Exactly one year ago, the earth shook in Turkey and north-western Syria and life came to a standstill for millions of people. The two earthquakes of magnitude 7.8 and 7.6 and their aftershocks claimed over 52,000 lives, millions were injured and from one day to the next were without a roof over their heads, without work, food, toilets or access to medical care. One year after the disaster, Solidar Suisse is still providing humanitarian aid on the ground. A visit.
Entire neighborhoods lie in ruins, curtains billow out of half-collapsed buildings from holes that were once windows. Countless excavators tower over the entire city, tearing down the remains of houses. Antakya, which was once one of the oldest and most important historical cities in the world, is now almost completely destroyed. In the province of Hatay, to which Antakya belongs, over 17,500 people lost their lives in the earthquakes on February 6, 2023. “The trauma of those who stayed and now often live in container settlements or tents still runs deep,” says Solidar Turkey representative Mahmut Sansarkan. “It will take a whole generation to overcome this trauma. And Antakya is just one example of many.”
SUPPORT REMAINS ESSENTIAL
According to the WHO, the earthquakes on February 6 were the worst natural disaster in the region in the last 100 years. In Turkey alone, 20 million people were affected, one in four inhabitants. In Syria, a country that has already been bled dry after years of war, almost 9 million people were affected.
Following the disaster, Solidar Suisse responded immediately and launched emergency humanitarian aid with two local partner organizations, the Syrian Women’s Network (SWN) and the Zero Discrimination Association (ZDA), which are active in Turkey and Syria. As a first step, we distributed food to the survivors in Antakya and other regions. Our priority was and still is to support people who were already in a precarious situation before the earthquakes and only have limited access to organized aid; the Roma community and Syrian refugees. In an informal Roma settlement in Kirikhan in Hatay province, we installed water, sanitation and hygiene facilities to reduce health and sanitation problems.
«It will take a whole generation to overcome this trauma.»
Hatice Öztürk and her mother lost her father and husband and all their belongings in the 2023 earthquakes and now live in a container where their house once stood.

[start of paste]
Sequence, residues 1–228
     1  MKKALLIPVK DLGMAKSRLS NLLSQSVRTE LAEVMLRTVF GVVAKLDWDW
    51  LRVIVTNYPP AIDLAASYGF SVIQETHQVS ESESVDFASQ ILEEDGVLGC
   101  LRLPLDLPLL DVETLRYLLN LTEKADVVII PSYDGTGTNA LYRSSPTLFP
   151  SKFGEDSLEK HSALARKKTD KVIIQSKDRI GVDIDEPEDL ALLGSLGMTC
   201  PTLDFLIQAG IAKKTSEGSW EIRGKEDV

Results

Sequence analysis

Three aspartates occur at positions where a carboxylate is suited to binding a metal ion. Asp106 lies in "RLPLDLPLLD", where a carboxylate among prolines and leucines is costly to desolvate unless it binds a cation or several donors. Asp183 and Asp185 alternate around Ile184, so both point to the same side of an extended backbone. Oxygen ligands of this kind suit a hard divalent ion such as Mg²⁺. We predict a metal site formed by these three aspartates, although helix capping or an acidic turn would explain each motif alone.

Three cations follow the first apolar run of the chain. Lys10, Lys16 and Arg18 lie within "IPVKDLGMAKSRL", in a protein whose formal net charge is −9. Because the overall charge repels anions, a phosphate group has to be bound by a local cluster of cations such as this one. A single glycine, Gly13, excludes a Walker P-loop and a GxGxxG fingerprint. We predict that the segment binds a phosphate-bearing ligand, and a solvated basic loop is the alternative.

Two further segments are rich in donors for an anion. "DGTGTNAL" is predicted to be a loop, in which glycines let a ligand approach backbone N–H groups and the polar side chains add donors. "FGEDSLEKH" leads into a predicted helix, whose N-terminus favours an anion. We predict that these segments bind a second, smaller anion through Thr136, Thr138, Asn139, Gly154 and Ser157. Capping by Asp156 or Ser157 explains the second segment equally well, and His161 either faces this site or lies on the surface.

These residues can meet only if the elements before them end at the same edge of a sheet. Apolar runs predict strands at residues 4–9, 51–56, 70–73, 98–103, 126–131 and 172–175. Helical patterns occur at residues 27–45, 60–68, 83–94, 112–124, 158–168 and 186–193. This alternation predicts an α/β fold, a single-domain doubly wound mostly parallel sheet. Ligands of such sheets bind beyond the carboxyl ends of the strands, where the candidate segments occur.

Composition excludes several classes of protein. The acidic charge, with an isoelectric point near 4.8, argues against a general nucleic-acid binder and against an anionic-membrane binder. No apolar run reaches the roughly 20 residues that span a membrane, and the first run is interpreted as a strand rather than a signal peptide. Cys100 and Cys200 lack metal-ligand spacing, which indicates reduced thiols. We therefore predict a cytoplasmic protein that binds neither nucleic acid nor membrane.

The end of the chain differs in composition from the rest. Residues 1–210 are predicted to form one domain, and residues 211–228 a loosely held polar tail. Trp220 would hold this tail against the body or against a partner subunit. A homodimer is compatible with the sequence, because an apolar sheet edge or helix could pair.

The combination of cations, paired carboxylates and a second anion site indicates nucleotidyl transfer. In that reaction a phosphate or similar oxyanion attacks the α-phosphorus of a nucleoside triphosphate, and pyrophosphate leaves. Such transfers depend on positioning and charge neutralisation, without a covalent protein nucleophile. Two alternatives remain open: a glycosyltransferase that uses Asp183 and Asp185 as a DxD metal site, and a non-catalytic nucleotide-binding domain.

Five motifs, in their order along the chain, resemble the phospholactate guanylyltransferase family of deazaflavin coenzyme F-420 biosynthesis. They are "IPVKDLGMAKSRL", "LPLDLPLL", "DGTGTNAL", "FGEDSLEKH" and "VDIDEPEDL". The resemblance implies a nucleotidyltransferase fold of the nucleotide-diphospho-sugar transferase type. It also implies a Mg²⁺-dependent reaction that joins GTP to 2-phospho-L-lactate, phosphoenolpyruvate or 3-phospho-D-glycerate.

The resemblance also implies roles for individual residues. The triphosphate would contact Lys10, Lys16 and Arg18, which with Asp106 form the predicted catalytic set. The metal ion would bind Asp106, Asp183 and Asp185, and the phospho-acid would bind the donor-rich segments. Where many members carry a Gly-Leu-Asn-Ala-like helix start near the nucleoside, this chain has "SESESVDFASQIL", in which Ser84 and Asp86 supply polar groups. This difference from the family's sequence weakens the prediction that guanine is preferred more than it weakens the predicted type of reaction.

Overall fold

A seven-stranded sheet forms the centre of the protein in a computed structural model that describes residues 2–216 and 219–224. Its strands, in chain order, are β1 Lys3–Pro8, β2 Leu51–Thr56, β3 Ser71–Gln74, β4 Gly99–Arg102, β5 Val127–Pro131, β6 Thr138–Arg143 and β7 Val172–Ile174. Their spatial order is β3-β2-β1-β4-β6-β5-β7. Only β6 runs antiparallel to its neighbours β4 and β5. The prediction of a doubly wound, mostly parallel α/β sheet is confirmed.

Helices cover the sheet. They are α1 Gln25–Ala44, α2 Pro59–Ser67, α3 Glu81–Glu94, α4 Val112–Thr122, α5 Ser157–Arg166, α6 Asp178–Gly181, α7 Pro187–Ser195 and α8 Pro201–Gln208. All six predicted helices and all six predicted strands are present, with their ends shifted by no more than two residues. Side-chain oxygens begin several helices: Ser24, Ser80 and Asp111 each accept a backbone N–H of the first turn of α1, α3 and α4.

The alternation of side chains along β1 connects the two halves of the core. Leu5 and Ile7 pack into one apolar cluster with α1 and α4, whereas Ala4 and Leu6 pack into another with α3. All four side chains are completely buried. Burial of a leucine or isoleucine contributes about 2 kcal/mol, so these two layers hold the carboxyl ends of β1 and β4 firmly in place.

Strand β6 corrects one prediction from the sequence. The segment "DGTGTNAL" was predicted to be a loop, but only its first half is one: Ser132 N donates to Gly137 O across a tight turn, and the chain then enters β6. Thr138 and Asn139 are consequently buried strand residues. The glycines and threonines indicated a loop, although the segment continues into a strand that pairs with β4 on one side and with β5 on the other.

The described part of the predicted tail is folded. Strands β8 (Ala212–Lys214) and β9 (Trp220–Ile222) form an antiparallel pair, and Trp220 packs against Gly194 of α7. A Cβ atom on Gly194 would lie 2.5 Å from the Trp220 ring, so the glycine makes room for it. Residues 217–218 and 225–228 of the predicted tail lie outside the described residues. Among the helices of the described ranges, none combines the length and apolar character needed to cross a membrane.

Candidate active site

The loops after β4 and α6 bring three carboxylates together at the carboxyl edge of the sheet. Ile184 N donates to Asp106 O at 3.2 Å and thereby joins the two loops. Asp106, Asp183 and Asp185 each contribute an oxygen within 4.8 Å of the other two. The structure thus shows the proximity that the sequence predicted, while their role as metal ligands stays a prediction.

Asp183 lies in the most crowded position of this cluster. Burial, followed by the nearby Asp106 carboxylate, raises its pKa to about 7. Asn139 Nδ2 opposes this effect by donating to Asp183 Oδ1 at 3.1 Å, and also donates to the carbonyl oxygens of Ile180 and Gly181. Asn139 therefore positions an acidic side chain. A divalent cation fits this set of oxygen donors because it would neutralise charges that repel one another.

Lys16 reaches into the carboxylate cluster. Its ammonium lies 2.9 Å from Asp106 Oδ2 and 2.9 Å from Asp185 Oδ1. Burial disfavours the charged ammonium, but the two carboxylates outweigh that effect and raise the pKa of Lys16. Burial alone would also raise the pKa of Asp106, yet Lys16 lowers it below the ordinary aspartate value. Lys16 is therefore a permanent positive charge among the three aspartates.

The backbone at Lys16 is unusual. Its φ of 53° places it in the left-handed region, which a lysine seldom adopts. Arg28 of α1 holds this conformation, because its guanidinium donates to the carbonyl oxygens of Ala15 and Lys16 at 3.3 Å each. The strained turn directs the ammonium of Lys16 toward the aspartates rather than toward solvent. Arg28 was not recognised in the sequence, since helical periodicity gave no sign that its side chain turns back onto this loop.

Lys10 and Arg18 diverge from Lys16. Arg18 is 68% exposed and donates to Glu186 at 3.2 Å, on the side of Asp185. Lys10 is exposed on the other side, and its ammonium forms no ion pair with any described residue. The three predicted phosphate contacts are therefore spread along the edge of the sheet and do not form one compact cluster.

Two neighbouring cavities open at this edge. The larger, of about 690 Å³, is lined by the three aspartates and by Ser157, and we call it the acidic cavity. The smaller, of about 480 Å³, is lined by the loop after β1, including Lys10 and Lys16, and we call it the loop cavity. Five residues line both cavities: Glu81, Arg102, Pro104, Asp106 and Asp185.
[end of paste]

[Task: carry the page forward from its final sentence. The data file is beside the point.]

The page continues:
RESTORING THE FOUNDATIONS OF LIFE
In Ahmethoca, a small village in Adiyaman, the neighboring province of Hatay, 50 people still live today. A third of the inhabitants were buried under the rubble of their homes in the earthquakes, and many left the village afterwards. Hatice Öztürk lost her father on February 6, 2023. “We were able to bury him in the village three days after the earthquake. Other relatives were buried in the town center,” says the 18-year-old. She and her mother did not want to leave the village afterwards and now live in a 20 square meter container on the land where their house once stood. Her mother says: “This is my home, this is where I was born and grew up. We can’t leave here.”
With the earthquakes, they not only lost their husband and father and their home, but also their livelihood: “In villages like Ahmethoca, people live from livestock farming and tobacco cultivation,” says Mahmut Sansarkan. “People keep goats to feed themselves and sell the products, milk, yogurt and cheese at the bazaar in the city.” To enable them to live independently again and earn an income, Solidar Suisse is working with its partner SARD to help them restore their former livelihoods. For example, by providing livestock. “The aim of the project is to give people back what they had before the disaster, to improve their lives and give them the opportunity to recover,” says Mahmut Sansarkan, who heads the Solidar coordination office in Turkey.
Because the disaster is still having an immense impact on people and sustainable support that enables the most vulnerable people to get back on their feet is crucial.
In north-western Syria, we are implementing a project with our partner organization Social Association for Relief and Development (SARD) to ensure that the most vulnerable people have access to decent living conditions and that children are protected. As part of the project, earthquake-damaged shelters and public infrastructure such as water supply and sanitation are being repaired. In addition, a safe area has been set up for children, where they can find psychological support and protection, among other things, to counteract early marriages, child labor or abuse.